"Wherefore we labor, that, whether present or absent, we may be accepted of Him" (II Corinthians 5:9).
Paul's great ambition was to please his Lord and Savior. In our text, the Greek for "accepted" often also is translated "well-pleasing," and this is the real meaning of the word. Since this also is the great desire of every sincere Christian, let us look at a few of those passages where the Lord tells us specifically how we can please Him.
Consider, for example: "But to do good and to communicate [i.e., to `share what you have with others'] forget not: for with such sacrifices God is well pleased" (Hebrews 13:16; see also Philippians 4:18).
There is a special admonition to children: "Children, obey your parents in all things: for this is well pleasing unto the Lord" (Colossians 3:20). For adults: "Thou therefore endure hardness, as a good soldier of Jesus Christ. No man that warreth entangleth himself with the affairs of this life; that he may please [same root word] Him who hath chosen him to be a soldier" (II Timothy 2:3-4).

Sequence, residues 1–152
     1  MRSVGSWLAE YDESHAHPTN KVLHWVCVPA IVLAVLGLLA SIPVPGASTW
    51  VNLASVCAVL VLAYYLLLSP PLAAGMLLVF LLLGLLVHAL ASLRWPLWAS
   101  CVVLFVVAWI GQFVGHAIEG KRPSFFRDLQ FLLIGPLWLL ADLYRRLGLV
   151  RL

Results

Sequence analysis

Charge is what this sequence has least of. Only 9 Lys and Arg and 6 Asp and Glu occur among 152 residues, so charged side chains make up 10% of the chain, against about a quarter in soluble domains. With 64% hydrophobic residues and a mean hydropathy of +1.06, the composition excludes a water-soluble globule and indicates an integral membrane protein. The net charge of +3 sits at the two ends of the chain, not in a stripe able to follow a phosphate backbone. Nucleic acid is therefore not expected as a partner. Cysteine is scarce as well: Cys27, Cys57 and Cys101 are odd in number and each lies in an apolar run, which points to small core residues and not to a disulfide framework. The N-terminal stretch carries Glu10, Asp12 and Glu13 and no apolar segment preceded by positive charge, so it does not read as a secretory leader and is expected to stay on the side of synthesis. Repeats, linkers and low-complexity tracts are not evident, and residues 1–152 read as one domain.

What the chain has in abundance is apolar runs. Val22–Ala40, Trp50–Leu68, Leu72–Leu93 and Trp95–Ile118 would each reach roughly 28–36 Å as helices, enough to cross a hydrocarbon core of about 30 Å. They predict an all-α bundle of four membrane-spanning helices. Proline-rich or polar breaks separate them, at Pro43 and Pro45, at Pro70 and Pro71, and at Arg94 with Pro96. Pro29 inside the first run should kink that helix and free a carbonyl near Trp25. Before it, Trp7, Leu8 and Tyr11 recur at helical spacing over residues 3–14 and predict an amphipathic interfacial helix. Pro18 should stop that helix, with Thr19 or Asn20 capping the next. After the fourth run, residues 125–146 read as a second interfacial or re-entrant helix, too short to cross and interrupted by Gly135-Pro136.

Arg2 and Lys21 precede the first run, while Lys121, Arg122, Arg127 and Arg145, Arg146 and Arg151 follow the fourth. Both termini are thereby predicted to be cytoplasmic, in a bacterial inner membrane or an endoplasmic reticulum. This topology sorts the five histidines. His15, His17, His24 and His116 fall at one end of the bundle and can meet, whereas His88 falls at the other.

The same word appears in Romans 12:1-2, translated twice as "acceptable." Paul urges us to present our bodies as living sacrifices, "holy, acceptable unto God," being "not conformed to this world," but transformed by a renewed mind, thereby to prove "that good, and acceptable, and perfect, will of God."
The common thread in these and other such passages is that, in order to be pleasing to the Lord, we must be good stewards of all our possessions and all our days, serving Him totally. "For he that in these things serveth Christ is acceptable [i.e., `well-pleasing'] to God" (Romans 14:18). This is our reasonable service, and it will be abundantly repaid if we hear Him say in that day: "Well done, thou good and faithful servant" (Matthew 25:21). HMM